It has only been a couple of years since I had a colonoscopy, but each year during the month of March, I think about it. Not simply because it is Colorectal Cancer Awareness Month, but because I have at least one serious risk factor that makes me more vulnerable: Heredity.
My maternal Grandfather had colon cancer, and by the time it was diagnosed, it had progressed to the point that surgery to remove a large section of his bowel and a colostomy bag were his only options.
I reflected on my Papa while waiting for a dear friend to finish her last radiation treatment for a different form of cancer. The waiting room was decorated with lots of deep blue streamers, awareness ribbons, balloons, and literature to capture attention and focus awareness to colorectal cancer.
One of the brochures I read while waiting for my friend was published by Colon Cancer Prevention Project at KickingButt.org.
The Colon Cancer Prevention Project states, “Colon cancer is the second leading cause of cancer-related death in both men and women. The good news is that colon cancer is very preventable and we’re going to show you how!”
Know Your Risk Factors
There are three main categories of risks:
- Genetic Risks – Although, 5-10% of all cancers are related to genetics, nearly 50% of colon cancers under the age of 50 are a direct result of heredity. In the case of seniors ages 65+, genetic factors may not be as clear, but the National Institutes for Health (NIH) National Library of Medicine reports, “The greatest burden from colorectal cancer falls on the elderly, with nearly 70% of cases diagnosed in those older than age 65 and 40% diagnosed in those over 75 years of age. As a result, approximately 75% of colorectal cancer deaths occur in people older than 65 years of age.”
- Physical Risks – Physical conditions like Crohn’s disease or Colitis may increase the risk of developing colon cancer. It is recommended that seniors – or anyone – with these or similar gastrointestinal issues be screened more frequently.
- Lifestyle Risks – Smoking, alcohol use, consumption of red meats and processed foods, and obesity are considered lifestyle risks that may increase the likelihood of colon cancer.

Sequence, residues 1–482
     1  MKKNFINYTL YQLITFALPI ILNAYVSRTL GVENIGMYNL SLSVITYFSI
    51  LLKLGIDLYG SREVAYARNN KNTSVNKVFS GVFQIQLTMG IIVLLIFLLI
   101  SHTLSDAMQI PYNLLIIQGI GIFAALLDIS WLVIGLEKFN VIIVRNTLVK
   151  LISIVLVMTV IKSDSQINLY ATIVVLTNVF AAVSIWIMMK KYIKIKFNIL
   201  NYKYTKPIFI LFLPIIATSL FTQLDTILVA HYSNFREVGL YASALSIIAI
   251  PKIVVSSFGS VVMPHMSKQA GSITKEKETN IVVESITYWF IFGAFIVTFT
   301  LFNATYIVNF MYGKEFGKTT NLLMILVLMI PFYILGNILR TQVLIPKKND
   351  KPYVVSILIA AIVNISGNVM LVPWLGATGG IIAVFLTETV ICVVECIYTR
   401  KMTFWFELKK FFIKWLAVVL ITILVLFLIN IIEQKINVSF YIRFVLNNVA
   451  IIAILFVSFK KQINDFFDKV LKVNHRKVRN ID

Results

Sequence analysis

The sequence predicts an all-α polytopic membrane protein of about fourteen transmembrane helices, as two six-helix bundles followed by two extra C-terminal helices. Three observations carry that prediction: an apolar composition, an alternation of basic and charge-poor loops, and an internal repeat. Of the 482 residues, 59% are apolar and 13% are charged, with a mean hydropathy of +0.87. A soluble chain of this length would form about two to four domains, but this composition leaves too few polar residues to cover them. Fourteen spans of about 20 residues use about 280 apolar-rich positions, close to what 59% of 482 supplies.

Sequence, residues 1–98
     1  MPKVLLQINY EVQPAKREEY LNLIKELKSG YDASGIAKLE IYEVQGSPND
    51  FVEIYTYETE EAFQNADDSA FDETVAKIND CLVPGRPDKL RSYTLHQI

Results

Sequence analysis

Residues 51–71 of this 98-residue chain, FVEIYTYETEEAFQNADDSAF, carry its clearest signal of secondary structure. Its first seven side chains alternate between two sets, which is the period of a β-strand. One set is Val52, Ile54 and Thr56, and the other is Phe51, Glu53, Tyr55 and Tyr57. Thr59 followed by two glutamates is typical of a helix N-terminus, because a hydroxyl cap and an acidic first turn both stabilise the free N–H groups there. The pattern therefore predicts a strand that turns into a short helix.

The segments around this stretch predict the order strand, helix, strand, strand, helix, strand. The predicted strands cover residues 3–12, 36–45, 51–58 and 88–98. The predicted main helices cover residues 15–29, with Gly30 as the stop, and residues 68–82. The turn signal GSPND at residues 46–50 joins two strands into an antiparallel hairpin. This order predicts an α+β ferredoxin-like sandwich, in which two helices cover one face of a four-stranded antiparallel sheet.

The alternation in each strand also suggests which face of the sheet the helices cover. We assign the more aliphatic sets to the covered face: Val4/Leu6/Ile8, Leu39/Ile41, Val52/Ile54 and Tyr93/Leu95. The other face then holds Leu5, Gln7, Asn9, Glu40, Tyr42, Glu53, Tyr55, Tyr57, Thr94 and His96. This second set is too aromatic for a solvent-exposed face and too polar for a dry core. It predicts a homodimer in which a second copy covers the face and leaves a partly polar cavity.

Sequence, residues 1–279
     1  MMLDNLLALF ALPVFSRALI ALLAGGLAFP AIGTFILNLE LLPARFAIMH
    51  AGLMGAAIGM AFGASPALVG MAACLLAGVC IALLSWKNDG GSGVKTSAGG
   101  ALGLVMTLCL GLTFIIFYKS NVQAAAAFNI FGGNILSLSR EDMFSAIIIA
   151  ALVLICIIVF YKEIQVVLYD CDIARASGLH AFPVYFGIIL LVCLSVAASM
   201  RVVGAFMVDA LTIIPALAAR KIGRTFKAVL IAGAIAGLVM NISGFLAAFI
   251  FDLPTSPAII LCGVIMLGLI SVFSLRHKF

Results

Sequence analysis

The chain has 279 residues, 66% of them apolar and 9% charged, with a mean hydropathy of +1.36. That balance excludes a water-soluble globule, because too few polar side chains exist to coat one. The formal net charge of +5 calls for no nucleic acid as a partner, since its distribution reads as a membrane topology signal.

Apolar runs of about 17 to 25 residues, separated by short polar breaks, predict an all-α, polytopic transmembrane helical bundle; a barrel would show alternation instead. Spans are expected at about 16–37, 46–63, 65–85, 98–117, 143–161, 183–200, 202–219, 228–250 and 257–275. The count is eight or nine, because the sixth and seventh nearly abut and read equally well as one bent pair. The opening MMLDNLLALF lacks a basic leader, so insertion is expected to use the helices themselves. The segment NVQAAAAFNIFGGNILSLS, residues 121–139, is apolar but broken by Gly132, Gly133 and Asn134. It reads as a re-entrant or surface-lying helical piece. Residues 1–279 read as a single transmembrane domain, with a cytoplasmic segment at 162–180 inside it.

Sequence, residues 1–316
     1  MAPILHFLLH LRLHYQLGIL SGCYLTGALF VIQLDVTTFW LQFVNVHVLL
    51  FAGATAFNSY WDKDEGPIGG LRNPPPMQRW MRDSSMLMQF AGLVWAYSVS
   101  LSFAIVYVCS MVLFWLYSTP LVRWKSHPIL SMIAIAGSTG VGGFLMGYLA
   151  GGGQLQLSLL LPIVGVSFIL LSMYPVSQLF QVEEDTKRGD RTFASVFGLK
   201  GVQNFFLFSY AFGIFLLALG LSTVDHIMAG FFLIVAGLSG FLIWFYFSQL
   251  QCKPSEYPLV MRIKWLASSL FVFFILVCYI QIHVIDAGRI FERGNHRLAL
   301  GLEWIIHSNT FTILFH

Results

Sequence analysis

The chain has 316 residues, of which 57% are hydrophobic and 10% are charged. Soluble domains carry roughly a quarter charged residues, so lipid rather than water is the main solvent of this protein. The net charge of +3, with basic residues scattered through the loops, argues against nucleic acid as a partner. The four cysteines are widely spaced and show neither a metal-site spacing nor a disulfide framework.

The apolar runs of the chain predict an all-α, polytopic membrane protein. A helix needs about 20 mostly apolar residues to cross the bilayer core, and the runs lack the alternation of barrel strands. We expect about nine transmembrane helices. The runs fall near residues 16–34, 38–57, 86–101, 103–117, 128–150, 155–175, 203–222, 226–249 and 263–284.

Understanding your risk factors and making good choices can truly make a positive difference in colon cancer prevention.
Know the Symptoms
- Changes in Stool – Pay attention to your bowel movements (BM) and changes in your stool:
- Narrowing of feces
- Dark stool
- Blood in stool
- Rectal bleeding
- Feeling a need to have BM, but no relief after doing so
- Cramping or Abdominal Pain
- Unintended Weight Loss
- Weakness & Fatigue
If you notice any of the above symptoms do not hesitate to contact your doctor immediately!
Know Your Number
According to Colon Cancer Prevention Project, “If you have no risks of colon cancer, getting screened beginning at age 45 is appropriate. 45 is your number. If you have one direct relative (parent, sibling) or two secondary relatives (grandparent, aunt uncle, etc) who have/had colon cancer or precancerous polyps (adenomas), you need to subtract 10 years from their age of diagnosis” to get your number. For instance, if your Mom was screened at age 60 and they found polyps, you should be screened at age 50.
“The joint guidelines from the American Cancer Society, U.S. Multisociety Task Force on Colorectal Cancer and the American Radiological Society made the following recommendations regarding the screening of average risk men and women beginning at age 50: flexible sigmoidoscopy to 40 cm or splenic flexure every 5 years, colonoscopy every 10 years, double contrast barium enema every 5 years, and computer tomography colonography every 5 years,” states the NIH.
Don’t let that technical jargon scare you. There are many options for screenings, so it is best to speak to your doctor to determine which is best for your endgame!
My Grandfather did not die of colon cancer, but he did live with that colostomy bag for the remainder of his life. By being proactive and staying on track with colon cancer screening every 5 years, or as recommended by my doctor, I hope to remain cancer-free! If questionable polyps are detected, and a colon cancer diagnosis is revealed, early detection will result in more desirable treatment options and a more favorable prognosis.
I strongly encourage you to talk to your doctor about your risk factors or any symptoms you are experiencing and schedule a colon cancer screening or colonoscopy sooner than later.
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Colon Cancer Prevention Project
National Library of Medicine